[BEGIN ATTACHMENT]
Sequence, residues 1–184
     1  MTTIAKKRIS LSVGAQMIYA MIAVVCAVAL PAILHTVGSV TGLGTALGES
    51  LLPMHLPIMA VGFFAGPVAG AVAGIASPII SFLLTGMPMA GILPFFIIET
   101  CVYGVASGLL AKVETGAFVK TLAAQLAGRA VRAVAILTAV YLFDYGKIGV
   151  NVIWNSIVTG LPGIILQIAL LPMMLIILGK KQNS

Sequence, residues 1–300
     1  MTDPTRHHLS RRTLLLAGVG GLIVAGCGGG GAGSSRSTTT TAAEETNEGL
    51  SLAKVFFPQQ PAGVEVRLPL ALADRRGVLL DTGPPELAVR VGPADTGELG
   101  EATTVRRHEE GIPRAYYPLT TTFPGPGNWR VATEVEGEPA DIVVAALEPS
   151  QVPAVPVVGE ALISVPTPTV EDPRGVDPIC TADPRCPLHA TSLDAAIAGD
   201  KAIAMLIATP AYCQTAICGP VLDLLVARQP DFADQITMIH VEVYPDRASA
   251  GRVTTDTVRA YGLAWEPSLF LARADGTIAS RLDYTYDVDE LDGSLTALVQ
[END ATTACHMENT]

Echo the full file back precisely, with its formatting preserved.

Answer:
Sequence, residues 1–184
     1  MTTIAKKRIS LSVGAQMIYA MIAVVCAVAL PAILHTVGSV TGLGTALGES
    51  LLPMHLPIMA VGFFAGPVAG AVAGIASPII SFLLTGMPMA GILPFFIIET
   101  CVYGVASGLL AKVETGAFVK TLAAQLAGRA VRAVAILTAV YLFDYGKIGV
   151  NVIWNSIVTG LPGIILQIAL LPMMLIILGK KQNS

Sequence, residues 1–300
     1  MTDPTRHHLS RRTLLLAGVG GLIVAGCGGG GAGSSRSTTT TAAEETNEGL
    51  SLAKVFFPQQ PAGVEVRLPL ALADRRGVLL DTGPPELAVR VGPADTGELG
   101  EATTVRRHEE GIPRAYYPLT TTFPGPGNWR VATEVEGEPA DIVVAALEPS
   151  QVPAVPVVGE ALISVPTPTV EDPRGVDPIC TADPRCPLHA TSLDAAIAGD
   201  KAIAMLIATP AYCQTAICGP VLDLLVARQP DFADQITMIH VEVYPDRASA
   251  GRVTTDTVRA YGLAWEPSLF LARADGTIAS RLDYTYDVDE LDGSLTALVQ